The world lost a tremendously important voice on January 12, 2020, when Sir Roger Scruton passed away. Like all great artists and critics, his spirit lives on, and it is fitting that the great aesthetician and music scholar has bequeathed to the world a final—and fitting—contribution of cultural analysis, music criticism, and Wagnerian scholarship. In Wagner’s Parsifal: The Music of Redemption, Scruton’s brief but breathtaking pilgrimage through the great composer’s final opera, the masterful bard of conservatism convincingly shows why it is the opera for our age.
We live in a time when we constantly hear of the importance of love and compassion, yet oftentimes it is from people who appear full of rage and resentment. Ironies abound in our turbulent world where love is supposed to trump hate, and yet the self-proclaimed lovers speak of deplorables and irredeemable bigots and engage in violence against those they deem deplorable and bigoted. What gives?
Richard Wagner was no stranger to irony. Neither was Sir Roger Scruton. During his lifetime, Scruton rose to prominence as an articulate expositor of conservatism and the arts before publishing his Thinkers of the New Left (republished as Fools, Frauds and Firebrands), which effectively made him persona non grata in the left-wing academic world. Scruton had taken a wrecking ball to the idolatrous pantheon of the modern university and was scorned because of it. How could such an educated and erudite humanist be such a backward-looking conservative? Despite his de facto excommunication, Scruton continued to write extensively about art, culture, and philosophy, which won him worldwide recognition and renown.
It is ironic that Scruton is remembered as a philosopher of conservatism when he should be remembered as a world-class writer of arts and culture. And no area has been more rejuvenated by Scruton’s engagement with art and culture than music—especially the field of Wagner operas and interpretation. Scruton’s Death Devoted Heart and The Ring of Truth are exceptional reads into the musical genius and aesthetic philosophy of Wagner; in Wagner’s Parsifal we find Scruton at his peak form synthesizing the turbulent heart of Wagner with his own philosophy of human kindness which provides a unique window into the aesthetic, religious, and philosophical inclinations of opera’s most notorious composer.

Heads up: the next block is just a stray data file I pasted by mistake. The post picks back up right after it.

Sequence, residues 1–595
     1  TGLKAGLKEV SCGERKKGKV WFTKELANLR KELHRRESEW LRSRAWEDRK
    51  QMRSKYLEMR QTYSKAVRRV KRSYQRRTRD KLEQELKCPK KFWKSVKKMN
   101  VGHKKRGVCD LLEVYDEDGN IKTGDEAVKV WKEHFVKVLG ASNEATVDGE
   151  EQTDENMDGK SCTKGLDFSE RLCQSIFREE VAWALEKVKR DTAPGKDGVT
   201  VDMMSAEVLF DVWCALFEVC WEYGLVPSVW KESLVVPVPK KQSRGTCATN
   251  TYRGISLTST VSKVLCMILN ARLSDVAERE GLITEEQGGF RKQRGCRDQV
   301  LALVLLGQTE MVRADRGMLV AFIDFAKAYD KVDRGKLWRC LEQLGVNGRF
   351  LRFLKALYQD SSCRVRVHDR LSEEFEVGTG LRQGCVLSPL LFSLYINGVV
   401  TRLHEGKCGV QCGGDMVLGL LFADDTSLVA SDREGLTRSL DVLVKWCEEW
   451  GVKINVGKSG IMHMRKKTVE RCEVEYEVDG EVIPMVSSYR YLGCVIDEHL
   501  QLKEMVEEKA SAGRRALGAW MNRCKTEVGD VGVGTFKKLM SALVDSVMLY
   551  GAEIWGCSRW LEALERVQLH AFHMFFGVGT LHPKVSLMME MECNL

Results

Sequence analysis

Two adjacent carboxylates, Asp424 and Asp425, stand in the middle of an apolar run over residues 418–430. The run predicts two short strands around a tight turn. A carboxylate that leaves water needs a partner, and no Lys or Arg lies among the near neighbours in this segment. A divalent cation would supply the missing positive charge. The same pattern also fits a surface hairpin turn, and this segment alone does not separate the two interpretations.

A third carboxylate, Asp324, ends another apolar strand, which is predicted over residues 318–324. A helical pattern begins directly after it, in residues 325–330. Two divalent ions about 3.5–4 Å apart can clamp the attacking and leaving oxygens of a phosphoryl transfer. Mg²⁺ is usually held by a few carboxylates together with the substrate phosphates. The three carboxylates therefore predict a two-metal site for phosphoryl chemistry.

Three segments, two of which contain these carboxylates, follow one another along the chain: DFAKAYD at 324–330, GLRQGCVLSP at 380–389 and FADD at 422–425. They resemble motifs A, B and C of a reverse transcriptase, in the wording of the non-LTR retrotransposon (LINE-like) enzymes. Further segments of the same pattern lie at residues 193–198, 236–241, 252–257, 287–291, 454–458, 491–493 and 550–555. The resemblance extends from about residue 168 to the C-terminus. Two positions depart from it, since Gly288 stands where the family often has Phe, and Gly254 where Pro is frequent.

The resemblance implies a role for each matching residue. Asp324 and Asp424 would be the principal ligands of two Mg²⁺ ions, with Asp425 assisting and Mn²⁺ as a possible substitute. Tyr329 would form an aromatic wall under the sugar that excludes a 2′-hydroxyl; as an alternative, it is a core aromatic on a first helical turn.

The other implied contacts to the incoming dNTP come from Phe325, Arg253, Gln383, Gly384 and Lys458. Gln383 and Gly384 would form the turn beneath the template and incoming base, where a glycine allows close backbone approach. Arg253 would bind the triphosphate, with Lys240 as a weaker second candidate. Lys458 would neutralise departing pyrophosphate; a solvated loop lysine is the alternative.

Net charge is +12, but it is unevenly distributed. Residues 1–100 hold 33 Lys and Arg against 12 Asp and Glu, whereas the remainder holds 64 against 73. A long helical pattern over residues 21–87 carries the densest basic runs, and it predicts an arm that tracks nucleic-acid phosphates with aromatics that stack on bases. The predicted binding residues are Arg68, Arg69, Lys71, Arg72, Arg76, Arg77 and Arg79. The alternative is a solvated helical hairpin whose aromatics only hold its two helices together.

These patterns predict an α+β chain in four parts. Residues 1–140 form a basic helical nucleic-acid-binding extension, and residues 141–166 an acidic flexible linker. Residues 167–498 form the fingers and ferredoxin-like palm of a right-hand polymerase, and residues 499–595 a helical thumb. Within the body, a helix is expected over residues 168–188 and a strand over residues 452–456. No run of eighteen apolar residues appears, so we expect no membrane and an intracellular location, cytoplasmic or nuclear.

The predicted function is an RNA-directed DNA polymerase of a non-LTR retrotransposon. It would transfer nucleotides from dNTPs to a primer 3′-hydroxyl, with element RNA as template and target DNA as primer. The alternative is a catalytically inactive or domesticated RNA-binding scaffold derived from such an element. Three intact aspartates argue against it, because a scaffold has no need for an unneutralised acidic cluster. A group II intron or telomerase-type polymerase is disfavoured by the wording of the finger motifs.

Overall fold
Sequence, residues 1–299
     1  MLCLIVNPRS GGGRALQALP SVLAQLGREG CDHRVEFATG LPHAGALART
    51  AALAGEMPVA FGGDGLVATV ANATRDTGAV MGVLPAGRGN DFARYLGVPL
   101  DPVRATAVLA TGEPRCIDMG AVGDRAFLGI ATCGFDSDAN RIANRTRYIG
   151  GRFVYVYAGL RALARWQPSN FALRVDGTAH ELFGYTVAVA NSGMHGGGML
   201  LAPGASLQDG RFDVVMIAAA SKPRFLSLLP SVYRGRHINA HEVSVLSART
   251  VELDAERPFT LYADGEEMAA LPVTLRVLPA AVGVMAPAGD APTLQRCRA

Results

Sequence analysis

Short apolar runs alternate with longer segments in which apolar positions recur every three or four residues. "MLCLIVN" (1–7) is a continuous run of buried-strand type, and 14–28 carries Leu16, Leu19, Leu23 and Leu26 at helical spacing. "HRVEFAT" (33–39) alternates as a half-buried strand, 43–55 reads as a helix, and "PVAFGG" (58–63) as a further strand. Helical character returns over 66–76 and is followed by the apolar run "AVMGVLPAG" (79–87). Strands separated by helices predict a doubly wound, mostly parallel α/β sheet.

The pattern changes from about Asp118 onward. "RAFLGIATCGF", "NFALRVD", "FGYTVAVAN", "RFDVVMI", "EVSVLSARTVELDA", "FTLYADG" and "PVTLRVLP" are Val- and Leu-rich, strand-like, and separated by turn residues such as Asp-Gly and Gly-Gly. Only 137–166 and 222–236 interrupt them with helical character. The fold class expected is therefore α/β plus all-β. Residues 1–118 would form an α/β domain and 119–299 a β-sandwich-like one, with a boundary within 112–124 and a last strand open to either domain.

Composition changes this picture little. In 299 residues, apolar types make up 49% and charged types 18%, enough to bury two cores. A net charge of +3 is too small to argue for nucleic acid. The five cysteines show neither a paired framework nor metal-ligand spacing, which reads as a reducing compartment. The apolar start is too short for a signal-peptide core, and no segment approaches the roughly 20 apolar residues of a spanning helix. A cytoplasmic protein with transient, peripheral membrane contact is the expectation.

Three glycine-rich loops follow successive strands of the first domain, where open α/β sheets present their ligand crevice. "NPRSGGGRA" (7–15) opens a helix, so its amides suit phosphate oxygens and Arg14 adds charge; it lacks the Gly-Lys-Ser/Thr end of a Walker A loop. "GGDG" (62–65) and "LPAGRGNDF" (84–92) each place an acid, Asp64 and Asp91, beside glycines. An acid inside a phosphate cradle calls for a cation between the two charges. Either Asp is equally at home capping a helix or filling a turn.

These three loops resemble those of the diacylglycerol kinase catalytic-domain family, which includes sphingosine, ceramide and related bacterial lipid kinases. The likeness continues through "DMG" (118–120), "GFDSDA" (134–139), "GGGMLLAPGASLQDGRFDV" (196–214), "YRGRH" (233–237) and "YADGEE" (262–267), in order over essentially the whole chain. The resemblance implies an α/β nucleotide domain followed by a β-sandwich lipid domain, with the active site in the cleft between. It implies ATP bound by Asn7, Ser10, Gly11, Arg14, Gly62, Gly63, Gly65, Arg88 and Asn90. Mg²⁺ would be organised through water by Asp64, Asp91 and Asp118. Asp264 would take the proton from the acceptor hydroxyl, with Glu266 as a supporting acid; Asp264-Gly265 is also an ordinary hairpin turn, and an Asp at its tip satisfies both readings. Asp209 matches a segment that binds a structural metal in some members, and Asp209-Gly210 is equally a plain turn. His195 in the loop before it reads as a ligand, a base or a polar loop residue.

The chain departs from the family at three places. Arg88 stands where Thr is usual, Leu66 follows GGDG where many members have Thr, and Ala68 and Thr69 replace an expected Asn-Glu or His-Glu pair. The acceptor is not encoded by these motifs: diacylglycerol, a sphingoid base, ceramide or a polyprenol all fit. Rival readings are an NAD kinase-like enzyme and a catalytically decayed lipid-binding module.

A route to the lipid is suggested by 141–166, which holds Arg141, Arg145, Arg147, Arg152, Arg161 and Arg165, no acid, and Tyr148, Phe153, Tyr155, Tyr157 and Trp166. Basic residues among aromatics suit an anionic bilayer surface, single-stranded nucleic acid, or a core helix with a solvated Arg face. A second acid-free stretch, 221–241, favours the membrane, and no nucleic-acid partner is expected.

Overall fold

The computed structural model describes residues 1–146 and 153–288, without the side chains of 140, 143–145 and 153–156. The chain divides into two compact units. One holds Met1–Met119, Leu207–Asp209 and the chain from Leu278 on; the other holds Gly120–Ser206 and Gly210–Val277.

Wagner’s road to Parsifal was a long and arduous one. Perhaps it is fitting that Wagner’s final opera is an operatic pilgrimage not that dissimilar to his own life. And perhaps it is equally fitting that Scruton’s final book deals with this long and arduous pilgrimage that is not far removed from his own pilgrimage in life.
Early in his life, Wagner was an enthusiastic supporter of the nationalist and socialist revolutions that erupted across Europe in 1848. He was, prior to his late shift toward a more Christianized outlook on life, a friend of the quixotic philosopher Friedrich Nietzsche. A reader of German and Greek philosophy, Wagner’s early operas—as Scruton has so convincingly shown in his treatment of Tristan and Isolde and The Ring of the Nibelung—are saturated with the sublime ecstasy of the erotic which necessarily ends in death. Parsifal, however, breaks with that original path Wagner was walking. While traces of this break may be hinted at in The Ring, Scruton does an incredible job setting the context and historical background of Wagner before proceeding into his treatment of Parsifal; though fairly minimal, the reader must know some of this context before unlocking the majesty of Wagner’s final gift to the world.
Parsifal is an enigma to many, as Scruton points out, with critics divided as to how to interpret the operatic story. Is it essentially Christian? Is it anti-Semitic? Or does it anticipate Jung and Freud? Scruton does not hide the more obtuse and grotesque side of Wagner, but he does point out the problems with our zeitgeist and politicized readings of Wagner and how it misses the true artistic genius and raison d’être of Wagner’s musical projects. Wagner’s “quest” is best summarized in the essay “Art and Religion,” wherein Wagner wrote, “It is reserved to art to salvage the kernel of religion, inasmuch as the mythical images which religion would wish to be believed as true are apprehended in art for their symbolic value, and through ideal representation of those symbols art reveals the concealed deep truth within them.”
Wagner’s Parsifal, as Scruton makes exceedingly clear, draws principally from Christianity but also Schoperhauerian Buddhism to construct a stirring tale of a foolish knight confronting sin and temptation and redeeming the dying and decadent world falling apart around him. Scruton writes that “Parsifal invites us to believe in the Redeemer.” This necessarily requires us to ask two interrelated questions: why do we need redemption and who is this redeemer we need to believe in?